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Default Yakuza: Like a Dragon - Review @ Cinelinx

November 15th, 2020, 21:21
Cinelinx reviewed Yakuza: Like a Dragon:

Yakuza: Like a Dragon

SEGA and Ryu Ga Gotoku Studio's reboot of the widely popular Yakuza franchise is finally out on Xbox Series X, Xbox One, PlayStation 4, and PC. Yakuza: Like a Dragon is a major departure from the mainline series we've known for almost two decades, but it stands on its own as a quirky, yet original epic. This is our review of Yakuza: Like a Dragon.

A Quirky Origin of the Next Great Yakuza Hero

Over the last 15+ years, SEGA and Ryu Ga Gotoku Studio have been telling the story of Kazuma Kiryu and his life as a member of the Tojo Clan, one of the biggest Yakuza families in all of Japan. His arc comprised seven Yakuza titles, which also produced a few spin-off games. When his story seemingly ended at the end of Yakuza 6, many wondered if that was the end of the mainline franchise.

Thankfully, that would not be the case, as the publisher and studio announced that they would be moving the focus of the series off of Kiryu and onto a fresh cast of characters with Yakuza: Like a Dragon, most notably banished ex-Yakuza member Ichiban Kasuga.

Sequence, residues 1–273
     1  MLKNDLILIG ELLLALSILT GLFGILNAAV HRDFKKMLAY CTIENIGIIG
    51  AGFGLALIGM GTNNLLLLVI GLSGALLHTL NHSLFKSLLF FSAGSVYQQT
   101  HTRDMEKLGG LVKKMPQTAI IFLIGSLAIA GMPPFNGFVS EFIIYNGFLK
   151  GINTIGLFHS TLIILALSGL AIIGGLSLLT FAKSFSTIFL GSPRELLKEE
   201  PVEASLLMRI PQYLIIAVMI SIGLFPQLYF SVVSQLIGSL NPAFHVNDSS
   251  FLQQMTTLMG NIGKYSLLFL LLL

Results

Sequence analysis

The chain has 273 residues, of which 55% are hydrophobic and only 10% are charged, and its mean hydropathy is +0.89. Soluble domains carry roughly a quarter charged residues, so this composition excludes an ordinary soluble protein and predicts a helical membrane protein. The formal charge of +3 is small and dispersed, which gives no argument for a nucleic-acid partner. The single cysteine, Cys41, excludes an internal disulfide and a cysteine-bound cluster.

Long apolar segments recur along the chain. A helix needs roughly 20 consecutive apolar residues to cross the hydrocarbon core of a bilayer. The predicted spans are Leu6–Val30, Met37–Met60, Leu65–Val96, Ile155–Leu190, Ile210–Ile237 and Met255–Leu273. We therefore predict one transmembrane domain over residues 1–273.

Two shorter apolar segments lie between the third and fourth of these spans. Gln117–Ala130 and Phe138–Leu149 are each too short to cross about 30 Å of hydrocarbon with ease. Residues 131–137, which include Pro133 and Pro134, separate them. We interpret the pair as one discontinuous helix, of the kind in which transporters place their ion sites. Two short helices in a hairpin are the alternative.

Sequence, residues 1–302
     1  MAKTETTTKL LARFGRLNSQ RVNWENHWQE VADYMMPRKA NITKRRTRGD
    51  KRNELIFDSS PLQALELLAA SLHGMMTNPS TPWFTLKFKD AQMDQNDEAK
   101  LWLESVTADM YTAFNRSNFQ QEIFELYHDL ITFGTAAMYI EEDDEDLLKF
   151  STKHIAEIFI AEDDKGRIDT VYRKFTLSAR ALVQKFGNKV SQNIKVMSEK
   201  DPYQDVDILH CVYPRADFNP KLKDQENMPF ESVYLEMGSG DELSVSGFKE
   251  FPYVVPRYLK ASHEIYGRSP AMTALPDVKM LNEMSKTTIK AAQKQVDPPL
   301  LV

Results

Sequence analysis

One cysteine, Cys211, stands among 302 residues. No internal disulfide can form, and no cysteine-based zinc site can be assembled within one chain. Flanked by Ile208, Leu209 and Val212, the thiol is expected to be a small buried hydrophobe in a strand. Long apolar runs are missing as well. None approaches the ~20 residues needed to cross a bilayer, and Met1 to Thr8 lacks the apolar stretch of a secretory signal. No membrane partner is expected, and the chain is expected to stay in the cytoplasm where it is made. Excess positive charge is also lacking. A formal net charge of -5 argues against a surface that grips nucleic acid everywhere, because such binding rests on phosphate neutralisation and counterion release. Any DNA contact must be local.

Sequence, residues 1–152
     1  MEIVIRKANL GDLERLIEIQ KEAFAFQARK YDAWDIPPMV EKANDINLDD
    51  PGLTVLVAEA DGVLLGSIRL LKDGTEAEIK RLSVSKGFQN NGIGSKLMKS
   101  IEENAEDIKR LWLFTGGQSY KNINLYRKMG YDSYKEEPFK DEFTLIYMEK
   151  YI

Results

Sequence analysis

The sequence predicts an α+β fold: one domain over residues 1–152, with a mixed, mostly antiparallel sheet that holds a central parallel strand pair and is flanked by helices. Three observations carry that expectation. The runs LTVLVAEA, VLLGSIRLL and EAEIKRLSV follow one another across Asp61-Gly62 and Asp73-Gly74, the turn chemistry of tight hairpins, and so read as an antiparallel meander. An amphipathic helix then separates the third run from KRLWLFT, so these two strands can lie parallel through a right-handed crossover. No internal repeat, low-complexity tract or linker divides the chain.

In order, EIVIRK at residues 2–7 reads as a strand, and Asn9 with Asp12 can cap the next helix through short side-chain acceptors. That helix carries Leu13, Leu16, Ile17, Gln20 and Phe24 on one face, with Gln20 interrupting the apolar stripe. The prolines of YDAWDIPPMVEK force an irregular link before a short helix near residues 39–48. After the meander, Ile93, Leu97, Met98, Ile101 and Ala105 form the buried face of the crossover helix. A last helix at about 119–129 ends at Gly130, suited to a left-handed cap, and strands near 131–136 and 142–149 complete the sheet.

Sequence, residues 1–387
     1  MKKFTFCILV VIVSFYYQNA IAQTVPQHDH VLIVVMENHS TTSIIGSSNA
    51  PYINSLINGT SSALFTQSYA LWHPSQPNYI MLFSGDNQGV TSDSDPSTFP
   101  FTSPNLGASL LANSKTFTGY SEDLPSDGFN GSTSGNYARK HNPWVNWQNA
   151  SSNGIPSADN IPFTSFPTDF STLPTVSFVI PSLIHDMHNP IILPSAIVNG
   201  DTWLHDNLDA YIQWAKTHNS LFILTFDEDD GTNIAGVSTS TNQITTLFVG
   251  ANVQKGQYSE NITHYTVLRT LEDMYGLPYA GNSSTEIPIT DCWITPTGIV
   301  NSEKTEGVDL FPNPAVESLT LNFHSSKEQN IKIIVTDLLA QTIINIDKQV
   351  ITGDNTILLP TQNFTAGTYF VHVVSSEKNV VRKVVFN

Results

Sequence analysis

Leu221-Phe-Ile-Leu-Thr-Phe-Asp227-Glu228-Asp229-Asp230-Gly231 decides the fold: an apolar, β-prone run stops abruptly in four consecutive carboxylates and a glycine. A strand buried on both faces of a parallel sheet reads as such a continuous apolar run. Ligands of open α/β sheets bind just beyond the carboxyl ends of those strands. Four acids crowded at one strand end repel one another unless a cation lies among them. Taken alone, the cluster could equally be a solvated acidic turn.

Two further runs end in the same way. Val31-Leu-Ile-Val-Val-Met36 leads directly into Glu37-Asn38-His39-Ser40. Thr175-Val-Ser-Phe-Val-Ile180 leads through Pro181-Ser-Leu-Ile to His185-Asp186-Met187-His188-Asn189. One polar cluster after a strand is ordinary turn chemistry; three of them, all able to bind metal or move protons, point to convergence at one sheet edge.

The story of Yakuza: Like a Dragon, starts off on New Years Eve in the year 2000. At this point in time, Kasuga is a lowly grunt within the little-regarded Arakawa family, a small member of the Tojo Clan. Indebted to his patriarch, Kasuga works hard and does everything he can to bring honor to his family. His devotion is tested when he is asked to take the fall for the murder of a major Yakuza member who is part of a family ranked higher than the Arakawa family. Eager to prove himself, Kasuga accepts and finds himself banished from the Arakawa family and imprisoned for roughly 18 years.

Expecting a hero's welcome upon his release, Kasuga is greeted instead by the harsh reality that the world he knew 18 years ago is gone and sometimes you can't go back home. After a bloody reunion with his former family, Kasuga is dumped in the downtrodden city of Yokohama. With a new group of friends to call family and a city in need to call home, Kasuga presses the reboot button on his life to make the most of his situation in his new home.